BEIRUT (AP) — Syrian troops backed by Lebanese Hezbollah fighters swept south of the capital Damascus on Wednesday, seizing strategic hills and villages from rebels and a local al-Qaida affiliate near the Israeli-occupied Golan Heights.
State media and opposition activists said the surprise counteroffensive is aimed at forcing back rebels who had recently advanced closer to embattled President Bashar Assad's seat of power.
The region is also important because it is located near the Israeli-occupied Golan Heights. The area has been tense lately, particularly after a Jan. 18 Israeli airstrike in Quneitra on the edge of the Golan that killed six Hezbollah fighters and an Iranian general.
The Syrian government last year lost large parts of Quneitra province to opposition fighters, many of them from the Nusra Front.
State television said troops on Wednesday gained control of the town of Deir al-Adas and the village of Deir Maker, as well as the nearby areas of Tal al-Arous and Tal al-Sarjeh south of the capital.
A statement by the Syrian armed forces said the "successes" were important because they severed supply lines and communication between "terrorist outposts" in the Damascus countryside, the southern Daraa province and Quneitra.
Activists said the operation was being led by Hezbollah's special forces. Rami Abdurrahman, who heads the Britain-based Syrian Observatory for Human Rights, said their aim appears to be to set up a border zone under Hezbollah's control next to the part of the Golan seized by Israel in the 1967 Middle East war.
The Observatory, which relies on a network of activists around the country, said Iranian volunteers are also taking part in the fighting. It said 20 opposition fighters were killed there on Tuesday alone. The report could not be independently confirmed.
Hezbollah says it has been fighting alongside forces loyal to Assad against Sunni Islamic extremists who pose a threat to the whole region. Israeli officials accuse Iran, through Hezbollah, of working to establish a base in southern Syria to launch attacks against the Jewish state. Hezbollah denies seeking any military presence there.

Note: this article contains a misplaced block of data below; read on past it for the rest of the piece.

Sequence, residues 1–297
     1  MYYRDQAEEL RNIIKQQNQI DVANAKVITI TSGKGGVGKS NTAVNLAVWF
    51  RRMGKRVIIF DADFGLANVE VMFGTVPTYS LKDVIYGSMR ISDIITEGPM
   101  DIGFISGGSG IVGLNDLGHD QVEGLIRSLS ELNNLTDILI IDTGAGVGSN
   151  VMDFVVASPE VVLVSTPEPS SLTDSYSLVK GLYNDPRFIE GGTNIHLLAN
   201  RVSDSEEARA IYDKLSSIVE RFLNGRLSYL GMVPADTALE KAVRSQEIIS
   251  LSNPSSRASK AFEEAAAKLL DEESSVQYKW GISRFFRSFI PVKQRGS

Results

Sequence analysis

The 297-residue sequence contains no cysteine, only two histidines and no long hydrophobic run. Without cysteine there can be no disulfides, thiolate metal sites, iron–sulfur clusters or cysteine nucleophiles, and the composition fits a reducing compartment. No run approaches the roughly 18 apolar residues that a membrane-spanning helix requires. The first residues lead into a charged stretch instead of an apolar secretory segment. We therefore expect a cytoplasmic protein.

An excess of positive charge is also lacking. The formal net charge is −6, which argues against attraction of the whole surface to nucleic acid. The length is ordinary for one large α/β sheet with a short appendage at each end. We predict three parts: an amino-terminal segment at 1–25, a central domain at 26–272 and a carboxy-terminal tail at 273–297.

Last month's airstrike near the Golan killed a senior Hezbollah commander and the son of a slain top commander among four others. Hezbollah said the fighters were on a reconnaissance mission.
Veteran Israeli analyst Ehud Yaari said on Israel's Channel 2 TV that the Syrian army, along with significant Hezbollah forces under Iranian command, has made progress in the region, describing it as problematic.
"A problem is being created there as far as Israel is concerned," he said. "If they succeed in pushing the rebels back to our border, I think the last thing Israel wants is another front with Hezbollah."
Although Syrian state television and Hezbollah's Al-Manar satellite channel purportedly reported live from Deir al-Adas, a rebel spokesman said pro-government forces only captured the town briefly before being forced out.
Gen. Ibrahim Jbawi, a spokesman for the Free Syrian Army's southern front, said the fighting killed or wounded 200 government forces and Hezbollah fighters. He said rebels also destroyed 13 tanks. His report could not be independently confirmed.
"The (Syrian) regime is trying to regain some of its standing" in the area, Jbawi said.
In Damascus, Syrian President Bashar Assad met with U.N. envoy Staffan de Mistura to discuss the diplomat's proposal for reducing the violence, starting with a hostilities freeze in the northern city of Aleppo.
De Mistura did not disclose details of the meeting, but state-run news agency SANA said the two discussed "new details" in the U.N. plan to freeze fighting in Aleppo "in a positive and constructive climate."
Associated Press reporter Ian Deitch contributed to this report from Jerusalem.